Justin Dunnavant Welcomed As Scholar-In-Residence at Occidental College

Justin Dunnavant, assistant professor of anthropology and core faculty member of the Cotsen Institute, has been honored with the 2022 Stafford Ellison Wright Black Alumni Scholar-In-Residence award from Occidental College in Los Angeles. His residency took place through online lectures and presentations on February 16 and 17.


The Stafford Ellison Wright Endowment enables “select esteemed scholars whose work on Black life and culture has made a significant contribution and whose research will excite and engage the entire Oxy community,” according to Occidental College President Harry J. Elam Jr., who introduced the first lecture. Created by the Black Alumni Organization at Occidental College, the endowment honors its first Black graduates, who all graduated in 1952: Janet Stafford, George F.  Ellison, and Barbara Bowman Wright. The residency is by invitation only and includes a financial award.


As part of his residency, Dunnavant gave a public lecture with the title In Search of Maroon Geographies: Archaeologies of African Fugitivity in the Virgin Islands” and participated in a panel discussion with the title New Approaches to Caribbean History and Heritage.” He was praised for his work in “exploring the remains of shipwrecks to investigate the ecological effects of the slave trade with an eye towards current-day connections,” according to Regina Freer, professor of politics and member of the Stafford Ellison Wright Committee. “His work is community-connected and he is passionate about training future maritime archaeologists. We are so excited to have him with us,” she added.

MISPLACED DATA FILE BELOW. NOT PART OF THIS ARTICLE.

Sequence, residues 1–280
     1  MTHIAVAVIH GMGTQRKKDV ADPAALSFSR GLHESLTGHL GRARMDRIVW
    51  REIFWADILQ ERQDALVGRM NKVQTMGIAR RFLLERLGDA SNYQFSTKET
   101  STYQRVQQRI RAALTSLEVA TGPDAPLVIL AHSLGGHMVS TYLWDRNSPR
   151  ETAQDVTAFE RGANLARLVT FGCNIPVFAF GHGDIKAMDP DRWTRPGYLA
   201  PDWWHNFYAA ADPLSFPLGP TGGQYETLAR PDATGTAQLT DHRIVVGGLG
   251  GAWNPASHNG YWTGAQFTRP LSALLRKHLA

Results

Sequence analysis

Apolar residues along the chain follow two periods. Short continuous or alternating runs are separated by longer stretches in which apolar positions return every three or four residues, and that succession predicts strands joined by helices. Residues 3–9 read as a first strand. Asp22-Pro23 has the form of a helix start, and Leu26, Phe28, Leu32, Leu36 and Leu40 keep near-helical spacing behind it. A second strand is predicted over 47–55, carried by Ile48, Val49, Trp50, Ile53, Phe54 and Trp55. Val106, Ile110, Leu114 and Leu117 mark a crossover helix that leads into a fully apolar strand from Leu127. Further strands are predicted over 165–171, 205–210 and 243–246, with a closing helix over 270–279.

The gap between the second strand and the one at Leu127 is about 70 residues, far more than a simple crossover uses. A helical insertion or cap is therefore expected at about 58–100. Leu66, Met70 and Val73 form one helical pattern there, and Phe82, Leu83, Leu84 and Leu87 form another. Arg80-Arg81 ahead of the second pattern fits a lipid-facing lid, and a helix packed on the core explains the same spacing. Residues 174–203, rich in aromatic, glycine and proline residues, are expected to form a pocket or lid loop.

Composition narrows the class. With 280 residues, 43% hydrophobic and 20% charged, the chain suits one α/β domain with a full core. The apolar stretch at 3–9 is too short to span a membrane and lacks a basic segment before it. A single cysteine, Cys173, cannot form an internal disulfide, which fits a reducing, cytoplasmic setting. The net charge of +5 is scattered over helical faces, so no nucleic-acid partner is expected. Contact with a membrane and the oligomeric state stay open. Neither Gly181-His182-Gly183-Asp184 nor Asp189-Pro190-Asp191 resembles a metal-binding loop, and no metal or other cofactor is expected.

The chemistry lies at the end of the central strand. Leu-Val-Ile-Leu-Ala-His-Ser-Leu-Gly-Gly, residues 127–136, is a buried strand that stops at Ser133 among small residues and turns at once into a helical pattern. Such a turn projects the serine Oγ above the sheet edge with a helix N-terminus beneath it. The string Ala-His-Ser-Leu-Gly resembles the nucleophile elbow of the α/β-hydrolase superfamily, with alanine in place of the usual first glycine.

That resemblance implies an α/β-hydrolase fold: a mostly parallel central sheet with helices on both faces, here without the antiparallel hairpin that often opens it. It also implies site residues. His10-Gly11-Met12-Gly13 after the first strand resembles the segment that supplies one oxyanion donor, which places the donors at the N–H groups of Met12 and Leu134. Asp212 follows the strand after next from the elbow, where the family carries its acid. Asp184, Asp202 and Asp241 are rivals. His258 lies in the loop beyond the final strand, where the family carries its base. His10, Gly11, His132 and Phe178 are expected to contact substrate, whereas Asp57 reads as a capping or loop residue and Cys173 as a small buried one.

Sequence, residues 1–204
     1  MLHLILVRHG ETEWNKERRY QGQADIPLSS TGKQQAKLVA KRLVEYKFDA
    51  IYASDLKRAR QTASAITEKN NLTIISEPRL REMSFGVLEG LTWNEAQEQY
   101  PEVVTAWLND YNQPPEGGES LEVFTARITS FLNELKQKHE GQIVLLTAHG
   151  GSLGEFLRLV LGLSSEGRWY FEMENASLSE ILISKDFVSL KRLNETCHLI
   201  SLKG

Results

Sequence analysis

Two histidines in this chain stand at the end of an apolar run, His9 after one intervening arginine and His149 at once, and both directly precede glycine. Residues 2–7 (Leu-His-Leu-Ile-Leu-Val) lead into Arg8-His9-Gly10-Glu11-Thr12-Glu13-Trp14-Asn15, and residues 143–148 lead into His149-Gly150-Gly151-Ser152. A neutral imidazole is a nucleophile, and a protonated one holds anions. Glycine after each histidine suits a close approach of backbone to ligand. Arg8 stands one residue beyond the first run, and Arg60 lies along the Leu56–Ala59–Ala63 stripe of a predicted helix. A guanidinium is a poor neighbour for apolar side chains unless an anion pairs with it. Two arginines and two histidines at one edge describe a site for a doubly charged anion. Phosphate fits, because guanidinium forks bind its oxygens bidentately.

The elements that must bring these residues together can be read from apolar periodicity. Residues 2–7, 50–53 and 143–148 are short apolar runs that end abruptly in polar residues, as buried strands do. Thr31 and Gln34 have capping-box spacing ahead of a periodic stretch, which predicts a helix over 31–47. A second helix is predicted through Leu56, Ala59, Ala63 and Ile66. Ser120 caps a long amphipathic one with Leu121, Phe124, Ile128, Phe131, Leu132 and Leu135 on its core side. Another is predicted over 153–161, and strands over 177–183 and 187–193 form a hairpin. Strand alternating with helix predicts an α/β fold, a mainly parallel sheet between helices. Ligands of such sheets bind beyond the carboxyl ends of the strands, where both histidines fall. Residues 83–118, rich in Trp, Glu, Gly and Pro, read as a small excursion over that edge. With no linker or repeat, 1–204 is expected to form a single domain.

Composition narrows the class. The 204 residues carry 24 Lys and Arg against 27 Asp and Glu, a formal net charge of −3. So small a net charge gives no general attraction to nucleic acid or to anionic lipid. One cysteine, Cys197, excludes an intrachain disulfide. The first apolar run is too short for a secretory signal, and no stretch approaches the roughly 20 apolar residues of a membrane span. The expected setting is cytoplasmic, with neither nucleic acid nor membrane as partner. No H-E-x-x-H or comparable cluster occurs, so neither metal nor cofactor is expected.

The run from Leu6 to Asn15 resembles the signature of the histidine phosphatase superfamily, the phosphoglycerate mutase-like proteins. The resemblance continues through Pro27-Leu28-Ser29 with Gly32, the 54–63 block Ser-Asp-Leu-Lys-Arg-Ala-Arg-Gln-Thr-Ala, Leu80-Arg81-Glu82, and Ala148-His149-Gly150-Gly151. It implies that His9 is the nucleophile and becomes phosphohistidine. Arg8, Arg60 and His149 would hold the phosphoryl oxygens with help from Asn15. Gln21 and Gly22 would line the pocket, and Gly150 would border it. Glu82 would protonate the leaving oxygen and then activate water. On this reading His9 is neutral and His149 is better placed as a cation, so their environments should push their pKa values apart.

Dunnavant described his approach to the Maroon geographies lecture as being “from the water perspective and GIS perspectives.” His second lecture “was framed towards an intergenerational conversation,” he said. “The mentor I was in conversation with, Dr. ChenziRa Davis Kahina,” has been working in Black studies since the 1980s,  “and is able to look at it from an historical perspective,” he explained.


He also addressed two classes, one in biology and the other in African-American studies. To prepare for those presentations, he got the syllabi from the respective professors, so he knew “what they’ve been talking about and what they’ve been reading.” Because he does so much interdisciplinary work, “I try to tailor my conversation around the disciplines that they are coming from. So for biology, we’re talking about ecological work, about coral science and coral mining,” he noted. He also tries to explain to them that these many fields fall within anthropology and archaeology. “I’m sort of trying to get them to convert over.”


His recruitment of young people into anthropology and archaeology began with his work in the Virgin Islands, where he started a youth training program. “We take middle and high-school age kids and teach them archaeology. So from that, we’ve adopted this mindset where everywhere we go, we have to be able to translate the work we do to a younger audience. And that was something I’ve been adamant about.” Before coming to UCLA, he did a piece for Hulu, where “they animated me,” he points out. “I wanted something that would attract young people,” not only to his work, but to the fields in which he explores.


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Published on March 7, 2022.